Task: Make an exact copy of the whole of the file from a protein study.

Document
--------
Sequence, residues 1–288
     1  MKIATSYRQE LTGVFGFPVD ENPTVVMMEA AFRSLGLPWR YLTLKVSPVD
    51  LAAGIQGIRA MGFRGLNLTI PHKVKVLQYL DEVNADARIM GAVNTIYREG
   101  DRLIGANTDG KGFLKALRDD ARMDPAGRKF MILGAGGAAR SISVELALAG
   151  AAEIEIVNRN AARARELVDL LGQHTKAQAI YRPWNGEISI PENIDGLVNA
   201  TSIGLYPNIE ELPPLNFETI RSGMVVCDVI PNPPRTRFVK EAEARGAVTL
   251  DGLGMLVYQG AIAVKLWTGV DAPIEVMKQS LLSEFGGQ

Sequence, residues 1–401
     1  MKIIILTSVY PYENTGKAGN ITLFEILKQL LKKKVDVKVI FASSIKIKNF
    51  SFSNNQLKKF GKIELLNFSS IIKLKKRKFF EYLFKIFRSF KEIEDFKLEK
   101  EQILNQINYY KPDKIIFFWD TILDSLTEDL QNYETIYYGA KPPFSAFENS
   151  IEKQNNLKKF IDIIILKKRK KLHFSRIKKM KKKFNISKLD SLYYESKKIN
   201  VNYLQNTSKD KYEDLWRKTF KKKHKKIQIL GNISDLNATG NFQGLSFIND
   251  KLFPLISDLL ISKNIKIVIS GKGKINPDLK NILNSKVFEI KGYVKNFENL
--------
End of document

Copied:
Sequence, residues 1–288
     1  MKIATSYRQE LTGVFGFPVD ENPTVVMMEA AFRSLGLPWR YLTLKVSPVD
    51  LAAGIQGIRA MGFRGLNLTI PHKVKVLQYL DEVNADARIM GAVNTIYREG
   101  DRLIGANTDG KGFLKALRDD ARMDPAGRKF MILGAGGAAR SISVELALAG
   151  AAEIEIVNRN AARARELVDL LGQHTKAQAI YRPWNGEISI PENIDGLVNA
   201  TSIGLYPNIE ELPPLNFETI RSGMVVCDVI PNPPRTRFVK EAEARGAVTL
   251  DGLGMLVYQG AIAVKLWTGV DAPIEVMKQS LLSEFGGQ

Sequence, residues 1–401
     1  MKIIILTSVY PYENTGKAGN ITLFEILKQL LKKKVDVKVI FASSIKIKNF
    51  SFSNNQLKKF GKIELLNFSS IIKLKKRKFF EYLFKIFRSF KEIEDFKLEK
   101  EQILNQINYY KPDKIIFFWD TILDSLTEDL QNYETIYYGA KPPFSAFENS
   151  IEKQNNLKKF IDIIILKKRK KLHFSRIKKM KKKFNISKLD SLYYESKKIN
   201  VNYLQNTSKD KYEDLWRKTF KKKHKKIQIL GNISDLNATG NFQGLSFIND
   251  KLFPLISDLL ISKNIKIVIS GKGKINPDLK NILNSKVFEI KGYVKNFENL